New faces, some familiar, excite Quinnipiac women’s ice hockey


Connor Ullathorne

Cassandra Turner press conference — Jacob Resnick

Story by Connor Ullathorne

The player who put up the fourth-most points in Quinnipiac women’s ice hockey history has moved onto the NWHL. The name, however, has returned to the university for another four years.

First-year defenseman Maddy Samoskevich joins the Bobcats this year, following in her older sister’s stakes. Both Maddy and Melisa Samoskevich, class of 2019, attended Shattuck-St. Mary’s, one of the premier prep schools in North America. Both played for the U.S. U-18 National Team, and now, both have put on the gold, white and blue sweater.

Don’t expect the two to have similar play styles, and according to Head Coach Cassandra Turner, despite the fact the two look the same, the difference on the ice couldn’t be clearer.

“[Maddy’s] skill set in small space with the puck is different than Melissa,” Turner said. “Melissa is a very powerful, straight-out skater and so is Maddy, but different. I think that you’re very quickly going to stop thinking about the name”.

While Turner wants to forget the name and the prestige that comes with it, the players certainly haven’t. Only a month into her first year the team has given her a nickname — Mamo, mini-Samo.

Turner thinks the younger Samoskevich can move away from her sisters’ shadow.

“She brings her own flair to the game and is really going to help our team and help our D-corps,” Turner said. “I think this is the strongest D-corps that I’ve coached at Quinnipiac”.

That strong defensive core now gets reinforced by Samoskevich and another first-year, Kendall Cooper. It’s not just the blueliners who have gotten an injection of youth. The entire team has been flooded with talent all across the ice from the new class of Bobcats.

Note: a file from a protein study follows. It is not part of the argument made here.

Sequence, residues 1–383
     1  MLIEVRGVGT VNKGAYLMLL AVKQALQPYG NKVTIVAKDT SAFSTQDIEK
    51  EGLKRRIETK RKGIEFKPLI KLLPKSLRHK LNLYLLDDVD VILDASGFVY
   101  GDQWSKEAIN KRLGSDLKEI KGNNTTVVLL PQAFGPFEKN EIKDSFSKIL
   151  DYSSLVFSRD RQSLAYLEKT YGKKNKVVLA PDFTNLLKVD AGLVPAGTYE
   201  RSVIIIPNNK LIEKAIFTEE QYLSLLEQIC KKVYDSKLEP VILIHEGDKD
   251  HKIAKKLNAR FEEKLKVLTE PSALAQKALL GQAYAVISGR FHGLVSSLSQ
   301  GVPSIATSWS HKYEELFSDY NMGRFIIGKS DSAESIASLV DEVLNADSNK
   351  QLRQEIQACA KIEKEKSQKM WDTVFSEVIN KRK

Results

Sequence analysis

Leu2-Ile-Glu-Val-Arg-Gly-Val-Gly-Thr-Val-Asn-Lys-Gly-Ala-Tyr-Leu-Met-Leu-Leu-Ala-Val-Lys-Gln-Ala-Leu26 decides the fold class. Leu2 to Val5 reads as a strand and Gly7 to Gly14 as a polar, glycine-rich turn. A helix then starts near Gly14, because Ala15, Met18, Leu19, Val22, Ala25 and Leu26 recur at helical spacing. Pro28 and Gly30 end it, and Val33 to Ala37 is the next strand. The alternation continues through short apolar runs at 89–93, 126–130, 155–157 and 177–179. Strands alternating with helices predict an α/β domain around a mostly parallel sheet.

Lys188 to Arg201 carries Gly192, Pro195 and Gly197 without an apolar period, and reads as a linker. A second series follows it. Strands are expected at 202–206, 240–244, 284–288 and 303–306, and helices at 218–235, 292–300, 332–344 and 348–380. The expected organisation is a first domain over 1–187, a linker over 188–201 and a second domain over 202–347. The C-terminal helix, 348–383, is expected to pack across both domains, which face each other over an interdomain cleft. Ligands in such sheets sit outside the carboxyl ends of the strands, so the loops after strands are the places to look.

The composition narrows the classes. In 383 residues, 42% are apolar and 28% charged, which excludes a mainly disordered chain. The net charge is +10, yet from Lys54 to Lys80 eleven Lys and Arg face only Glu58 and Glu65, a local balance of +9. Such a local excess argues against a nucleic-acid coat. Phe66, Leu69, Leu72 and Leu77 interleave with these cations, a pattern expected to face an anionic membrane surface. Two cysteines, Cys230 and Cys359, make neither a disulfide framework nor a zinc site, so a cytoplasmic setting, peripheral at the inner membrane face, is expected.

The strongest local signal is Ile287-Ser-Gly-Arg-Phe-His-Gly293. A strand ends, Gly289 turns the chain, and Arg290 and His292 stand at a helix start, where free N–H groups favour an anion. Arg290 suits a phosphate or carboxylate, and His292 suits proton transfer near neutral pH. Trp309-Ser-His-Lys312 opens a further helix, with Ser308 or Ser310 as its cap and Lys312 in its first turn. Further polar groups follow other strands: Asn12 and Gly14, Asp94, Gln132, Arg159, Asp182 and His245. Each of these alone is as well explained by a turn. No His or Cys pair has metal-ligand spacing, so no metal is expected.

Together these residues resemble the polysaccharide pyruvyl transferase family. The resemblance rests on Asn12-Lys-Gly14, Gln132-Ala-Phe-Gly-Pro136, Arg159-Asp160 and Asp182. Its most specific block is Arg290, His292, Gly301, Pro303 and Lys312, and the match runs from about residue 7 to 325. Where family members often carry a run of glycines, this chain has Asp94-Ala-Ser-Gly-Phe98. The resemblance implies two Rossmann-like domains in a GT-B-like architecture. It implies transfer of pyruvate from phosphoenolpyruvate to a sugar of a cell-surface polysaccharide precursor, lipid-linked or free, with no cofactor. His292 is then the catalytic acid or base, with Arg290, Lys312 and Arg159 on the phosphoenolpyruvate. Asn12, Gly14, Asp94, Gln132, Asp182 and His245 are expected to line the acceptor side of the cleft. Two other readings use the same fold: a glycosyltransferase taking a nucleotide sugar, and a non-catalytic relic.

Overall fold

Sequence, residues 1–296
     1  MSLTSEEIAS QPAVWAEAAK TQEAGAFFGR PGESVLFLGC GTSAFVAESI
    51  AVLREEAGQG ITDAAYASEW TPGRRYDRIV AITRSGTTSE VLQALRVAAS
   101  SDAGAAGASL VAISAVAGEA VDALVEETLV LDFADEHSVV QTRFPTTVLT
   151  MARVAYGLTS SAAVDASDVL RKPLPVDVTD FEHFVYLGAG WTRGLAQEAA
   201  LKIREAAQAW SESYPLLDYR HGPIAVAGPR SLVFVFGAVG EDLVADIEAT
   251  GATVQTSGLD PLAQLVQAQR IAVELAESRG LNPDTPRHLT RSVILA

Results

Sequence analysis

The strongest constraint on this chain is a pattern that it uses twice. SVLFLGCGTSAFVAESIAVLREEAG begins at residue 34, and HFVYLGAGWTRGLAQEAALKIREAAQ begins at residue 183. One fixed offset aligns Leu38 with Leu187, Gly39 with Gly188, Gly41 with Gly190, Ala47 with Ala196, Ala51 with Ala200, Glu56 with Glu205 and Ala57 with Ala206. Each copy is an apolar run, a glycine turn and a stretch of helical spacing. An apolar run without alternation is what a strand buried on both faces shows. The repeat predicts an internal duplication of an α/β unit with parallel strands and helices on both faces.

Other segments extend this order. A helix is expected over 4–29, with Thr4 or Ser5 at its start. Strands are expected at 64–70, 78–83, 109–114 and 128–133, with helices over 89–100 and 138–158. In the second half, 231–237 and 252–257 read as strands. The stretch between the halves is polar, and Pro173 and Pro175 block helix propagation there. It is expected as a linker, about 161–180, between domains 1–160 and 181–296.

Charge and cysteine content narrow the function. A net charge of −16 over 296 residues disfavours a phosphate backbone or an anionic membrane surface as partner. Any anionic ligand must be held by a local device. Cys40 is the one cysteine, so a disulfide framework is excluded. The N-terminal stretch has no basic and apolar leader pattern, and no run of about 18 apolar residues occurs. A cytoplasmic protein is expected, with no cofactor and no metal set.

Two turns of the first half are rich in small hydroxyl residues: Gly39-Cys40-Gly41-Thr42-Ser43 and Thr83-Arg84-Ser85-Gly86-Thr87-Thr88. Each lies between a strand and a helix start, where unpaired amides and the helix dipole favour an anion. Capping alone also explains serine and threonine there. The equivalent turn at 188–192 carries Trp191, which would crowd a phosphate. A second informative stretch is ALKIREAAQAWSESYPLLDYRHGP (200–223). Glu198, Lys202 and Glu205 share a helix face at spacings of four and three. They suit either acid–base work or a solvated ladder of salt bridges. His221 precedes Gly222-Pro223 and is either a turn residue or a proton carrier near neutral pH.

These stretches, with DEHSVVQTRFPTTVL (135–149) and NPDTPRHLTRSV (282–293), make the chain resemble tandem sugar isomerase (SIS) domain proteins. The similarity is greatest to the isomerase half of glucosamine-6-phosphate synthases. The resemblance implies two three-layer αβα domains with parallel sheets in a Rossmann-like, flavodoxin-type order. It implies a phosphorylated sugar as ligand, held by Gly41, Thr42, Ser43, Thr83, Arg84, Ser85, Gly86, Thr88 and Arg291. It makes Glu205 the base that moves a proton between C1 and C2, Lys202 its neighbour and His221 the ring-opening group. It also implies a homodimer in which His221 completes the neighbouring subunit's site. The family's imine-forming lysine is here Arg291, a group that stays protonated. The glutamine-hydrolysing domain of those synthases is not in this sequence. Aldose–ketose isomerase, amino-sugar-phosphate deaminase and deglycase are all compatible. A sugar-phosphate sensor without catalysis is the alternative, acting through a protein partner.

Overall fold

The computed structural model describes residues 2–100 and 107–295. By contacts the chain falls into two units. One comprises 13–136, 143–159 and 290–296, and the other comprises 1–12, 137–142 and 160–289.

You can see it just in the accolades from each individual player. Cooper was the captain of Hockey Canada’s U-18 National Team. First-year Olivia Mobley was awarded Ms. Hockey Minnesota, which is given to the best female high school hockey player in the state.

Countless others were captains of their high school teams, won state titles, selected to development camps, and put up hundreds of points before coming to Hamden. The newest Bobcats have been ranked as one of the top recruiting classes in the nation, and likely one of the best in program history.

Turner says the group is so connected with one another, and it all comes down to one attribute the accolades and awards don’t show — humility.

“This is an incredibly humble group and that’s why I really am expecting big things from them,” she said. “I think they’re going to integrate well into our team quickly”.

The first-years’ humility has helped them to be more comfortable in a new setting in a weird time with each other. Turner says it’s also led them to be more confident in their abilities.

Last year, Turner preached competitiveness to her team. But it wasn’t against the other teams. It was against each other.

No matter what happened, the team always competed against each other in practice. They wanted to be better than their opposite number every single drill or scrimmage. Confidence breeds that competitive nature.

Having a group of young players who are talented, but more importantly, fit into the idea of competing every single day with each other, can lead the team to a lot of success in the coming seasons.